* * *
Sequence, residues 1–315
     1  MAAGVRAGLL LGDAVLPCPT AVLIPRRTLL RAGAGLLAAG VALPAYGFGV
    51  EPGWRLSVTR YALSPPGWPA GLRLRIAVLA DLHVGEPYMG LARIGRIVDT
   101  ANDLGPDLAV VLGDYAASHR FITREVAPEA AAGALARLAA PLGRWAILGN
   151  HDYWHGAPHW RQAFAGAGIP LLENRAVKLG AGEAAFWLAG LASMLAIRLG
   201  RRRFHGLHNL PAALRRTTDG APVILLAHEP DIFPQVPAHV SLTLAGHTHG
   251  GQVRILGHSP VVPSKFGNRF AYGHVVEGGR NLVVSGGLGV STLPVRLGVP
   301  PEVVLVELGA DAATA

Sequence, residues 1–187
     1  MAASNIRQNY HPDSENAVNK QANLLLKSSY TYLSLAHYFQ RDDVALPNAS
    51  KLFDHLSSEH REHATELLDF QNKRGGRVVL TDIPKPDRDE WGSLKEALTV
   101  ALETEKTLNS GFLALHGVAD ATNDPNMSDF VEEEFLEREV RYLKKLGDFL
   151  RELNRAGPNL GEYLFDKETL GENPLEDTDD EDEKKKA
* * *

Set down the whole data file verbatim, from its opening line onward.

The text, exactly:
Sequence, residues 1–315
     1  MAAGVRAGLL LGDAVLPCPT AVLIPRRTLL RAGAGLLAAG VALPAYGFGV
    51  EPGWRLSVTR YALSPPGWPA GLRLRIAVLA DLHVGEPYMG LARIGRIVDT
   101  ANDLGPDLAV VLGDYAASHR FITREVAPEA AAGALARLAA PLGRWAILGN
   151  HDYWHGAPHW RQAFAGAGIP LLENRAVKLG AGEAAFWLAG LASMLAIRLG
   201  RRRFHGLHNL PAALRRTTDG APVILLAHEP DIFPQVPAHV SLTLAGHTHG
   251  GQVRILGHSP VVPSKFGNRF AYGHVVEGGR NLVVSGGLGV STLPVRLGVP
   301  PEVVLVELGA DAATA

Sequence, residues 1–187
     1  MAASNIRQNY HPDSENAVNK QANLLLKSSY TYLSLAHYFQ RDDVALPNAS
    51  KLFDHLSSEH REHATELLDF QNKRGGRVVL TDIPKPDRDE WGSLKEALTV
   101  ALETEKTLNS GFLALHGVAD ATNDPNMSDF VEEEFLEREV RYLKKLGDFL
   151  RELNRAGPNL GEYLFDKETL GENPLEDTDD EDEKKKA